Outrage over Muslim author Reza Aslan's biography on Jesus, 'Zealot', shifts Islamophobia debate

The scholar on religion who turned the tables on a conservative talk show last week wants to promote understanding between faiths. Taimur Khan reports from New York

Iranian-American writer Reza Aslan at the Jaipur Literature Festival in Jaipur, India.
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NEW YORK // "You're a Muslim, so why did you write a book about the founder of Christianity?"

Lauren Green, the Fox News interviewer, plainly thought she had cornered Reza Aslan, the author of a provocative new biography of Jesus.

But Mr Aslan more than wriggled free of the suggestion that as a Muslim, he had no right to pen a biography of Jesus. With an intelligence honed by years of scholarship and academic achievement, he turned the tables on his questioner, sparking a wide public debate in the United States about Islamophobia and the role of religion.

"Well, to be clear," Mr Aslan answered, speaking slowly for effect. "I am a scholar of religions with four degrees, including one in the New Testament, and fluency in biblical Greek, who has been studying the origins of Christianity for two decades, who also just happens to be a Muslim."

Since it aired on July 26, Ms Green's online interview with Mr Aslan has been watched by millions of people, earning an unanticipated publicity bonanza for the author and propelling his already popular book Zealot: The Life and Times of Jesus of Nazareth to the top of bestseller lists. Within a week the book was Amazon's No 1 seller, and it debuted at No 4 on the New York Times best-seller list on Sunday.

More importantly, the interview with Fox News, a mouthpiece for conservative and right-wing views in the US, moved the discussion about Islamophobia beyond its usual liberal confines, Mr Aslan said.

"It's not even about me anymore, it's not about Fox News anymore," Mr Aslan, 41, said. "Any scholar who is able to launch a much-needed public discussion on these heady topics has to feel good about it."

The Iran-born scholar, who teaches both religious studies and creative writing at the University of California-Riverside, until now was best known for his 2005 book on the history and evolution of Islam, No God But God. He became a well-known commentator on Islam, regularly appearing in liberal media outlets such as The Daily Show.

Over the two weeks since his Fox News interview, Mr Aslan has broken through, at least for now, to a much larger and more politically diverse American audience.

"I've gotten a lot of emails from Fox viewers who said it was outrageous, that the interview was an embarrassment to them," Mr Aslan said.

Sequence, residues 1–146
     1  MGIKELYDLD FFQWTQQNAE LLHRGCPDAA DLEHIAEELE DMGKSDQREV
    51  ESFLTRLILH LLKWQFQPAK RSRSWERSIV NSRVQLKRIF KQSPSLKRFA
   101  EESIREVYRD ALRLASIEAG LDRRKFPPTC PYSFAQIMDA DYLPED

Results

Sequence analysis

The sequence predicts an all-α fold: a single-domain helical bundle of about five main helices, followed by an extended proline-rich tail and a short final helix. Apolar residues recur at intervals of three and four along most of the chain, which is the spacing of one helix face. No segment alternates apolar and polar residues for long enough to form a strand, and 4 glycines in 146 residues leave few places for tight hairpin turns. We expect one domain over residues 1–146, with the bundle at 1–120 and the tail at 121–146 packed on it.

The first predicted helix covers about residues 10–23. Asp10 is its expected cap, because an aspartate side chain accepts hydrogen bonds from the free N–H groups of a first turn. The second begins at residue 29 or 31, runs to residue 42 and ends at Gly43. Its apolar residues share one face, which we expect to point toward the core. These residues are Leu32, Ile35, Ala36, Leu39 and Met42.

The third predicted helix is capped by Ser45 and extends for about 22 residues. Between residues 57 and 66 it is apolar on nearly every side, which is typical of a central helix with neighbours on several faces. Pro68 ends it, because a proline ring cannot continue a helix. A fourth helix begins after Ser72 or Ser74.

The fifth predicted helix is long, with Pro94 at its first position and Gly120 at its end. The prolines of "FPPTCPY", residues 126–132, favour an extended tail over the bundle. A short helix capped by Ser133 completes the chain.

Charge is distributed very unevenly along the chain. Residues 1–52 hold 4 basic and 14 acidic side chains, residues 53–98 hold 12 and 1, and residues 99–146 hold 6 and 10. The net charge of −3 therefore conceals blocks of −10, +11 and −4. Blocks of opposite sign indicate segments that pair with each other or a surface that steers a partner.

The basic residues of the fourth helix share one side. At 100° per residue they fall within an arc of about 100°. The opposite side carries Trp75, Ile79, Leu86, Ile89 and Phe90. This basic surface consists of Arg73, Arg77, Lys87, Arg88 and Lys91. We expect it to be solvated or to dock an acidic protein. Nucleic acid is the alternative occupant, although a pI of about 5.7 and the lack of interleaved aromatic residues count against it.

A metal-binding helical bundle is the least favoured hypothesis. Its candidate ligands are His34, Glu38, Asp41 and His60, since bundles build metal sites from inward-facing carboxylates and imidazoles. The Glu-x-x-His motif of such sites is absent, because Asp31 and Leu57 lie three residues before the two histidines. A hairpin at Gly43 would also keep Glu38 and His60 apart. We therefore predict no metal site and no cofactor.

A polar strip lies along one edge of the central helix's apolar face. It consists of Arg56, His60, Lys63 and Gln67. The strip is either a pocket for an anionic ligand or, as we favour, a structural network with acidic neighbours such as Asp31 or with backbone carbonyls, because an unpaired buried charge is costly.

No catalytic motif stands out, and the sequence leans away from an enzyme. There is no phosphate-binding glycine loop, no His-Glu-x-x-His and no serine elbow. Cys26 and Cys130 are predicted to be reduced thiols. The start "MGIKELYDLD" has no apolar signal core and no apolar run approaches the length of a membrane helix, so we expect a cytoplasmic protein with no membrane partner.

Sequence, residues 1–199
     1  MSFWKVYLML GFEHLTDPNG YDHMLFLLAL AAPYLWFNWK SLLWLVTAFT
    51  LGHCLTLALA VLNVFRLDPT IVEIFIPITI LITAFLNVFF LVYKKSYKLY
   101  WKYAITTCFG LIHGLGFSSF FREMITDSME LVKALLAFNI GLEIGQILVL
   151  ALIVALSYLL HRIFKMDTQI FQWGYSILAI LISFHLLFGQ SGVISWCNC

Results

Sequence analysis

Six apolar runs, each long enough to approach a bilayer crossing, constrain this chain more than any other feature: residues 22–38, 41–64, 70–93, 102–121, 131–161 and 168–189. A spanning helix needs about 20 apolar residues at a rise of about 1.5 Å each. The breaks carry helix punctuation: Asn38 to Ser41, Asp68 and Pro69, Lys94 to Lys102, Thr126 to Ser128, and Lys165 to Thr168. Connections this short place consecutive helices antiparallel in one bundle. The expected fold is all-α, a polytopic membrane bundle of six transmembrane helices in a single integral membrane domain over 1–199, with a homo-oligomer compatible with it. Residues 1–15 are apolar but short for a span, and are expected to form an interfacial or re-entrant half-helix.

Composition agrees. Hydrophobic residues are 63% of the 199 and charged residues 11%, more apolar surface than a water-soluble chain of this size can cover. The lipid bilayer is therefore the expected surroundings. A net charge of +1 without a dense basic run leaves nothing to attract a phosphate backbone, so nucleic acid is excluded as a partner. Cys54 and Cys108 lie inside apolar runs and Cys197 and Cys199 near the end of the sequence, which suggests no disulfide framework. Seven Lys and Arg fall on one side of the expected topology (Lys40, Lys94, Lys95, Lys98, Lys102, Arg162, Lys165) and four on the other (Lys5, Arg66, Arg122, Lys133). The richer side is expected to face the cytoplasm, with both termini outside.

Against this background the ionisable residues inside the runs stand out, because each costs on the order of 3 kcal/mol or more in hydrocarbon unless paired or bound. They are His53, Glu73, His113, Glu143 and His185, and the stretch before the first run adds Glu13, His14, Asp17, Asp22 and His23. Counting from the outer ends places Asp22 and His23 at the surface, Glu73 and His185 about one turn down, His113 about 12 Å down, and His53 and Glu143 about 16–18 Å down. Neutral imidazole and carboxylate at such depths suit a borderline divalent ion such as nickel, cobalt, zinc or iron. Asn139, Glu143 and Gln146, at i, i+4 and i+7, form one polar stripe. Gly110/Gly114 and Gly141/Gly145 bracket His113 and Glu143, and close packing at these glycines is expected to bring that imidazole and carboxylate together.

He is not used to the words of support from those on the right, and has long been the target of what he calls the "anti-Muslim fringe". A well-funded and vocal movement in the US, its supporters have pushed for anti-Sharia laws in state legislatures and mobilised to attack attempts to portray Muslims as anything but violent fanatics.

Mr Aslan said the roots of these groups lie in the "identity crisis that's taking place in the US as a result of political and economic uncertainty".

"I feel proud that these rabid Islamophobes have focused on me and my work," he said. "It must mean that I'm doing something right."

His latest book, Zealot, is an attempt at a biography of the historical Jesus, not the divine Christ of the Christian religion, an idea Mr Aslan argues Jesus himself would not have understood.

The book sets out to portray the man as a revolutionary Jewish nationalist who sought to end Roman rule in Palestine on behalf of the poor and marginalised, not a messiah who preached peace and finding his kingdom in heaven.

This historical examination, which clashes with Christian beliefs, is at the heart of fundamentalist Christian anger over the book, represented in the clumsy Fox News interview. But for the most part, the response from Christians, even if they disagree with aspects of the book, has been "overwhelmingly" positive, Mr Aslan said.

The author was born in Iran but move as a child with his family to the US after the Islamic revolution in 1979. His parents were Muslim but not religious, and when he was 15, Mr Aslan said that he was "blown away" by the Gospels of Jesus and he converted to evangelical Christianity.

In college he found the contradictions between his spiritual beliefs and study of Christianity too difficult to reconcile, and he eventually converted back to Islam. He now considers himself to be a Muslim who practices in the Sufi tradition.

Despite his change of faith, Mr Aslan was still fascinated and inspired by Jesus, whom Muslims view as a prophet. He began working on the biography more than ten years ago.

"I've been interested in him when I was a Christian and I thought he was God, and I've been interested in him when I thought he was just a man," Mr Aslan said. "I really wanted to express my admiration for this person and try to get across this very important notion that you can be a follower of Jesus without necessarily thinking he is a god."

In that sense, Zealot is part of Mr Aslan's larger intellectual and political project of creating understanding between people of different faiths, whether on the basis of shared history and beliefs, or perhaps more importantly, in finding value and meaning in differences.

With the help of Fox News, interest in Zealot is surging. The book's publisher, Random House, ordered 50,000 more copies last week, with 150,000 copies now in print.

His Islamophobic detractors may soon have reason to become even more dismayed.

"Yes, absolutely, I think it's time for a new film on Jesus, for a more historically accurate look at who this person was," Mr Aslan said.

When asked if he had any cinematic plans for Zealot, he laughed. "That, I can't really talk about."

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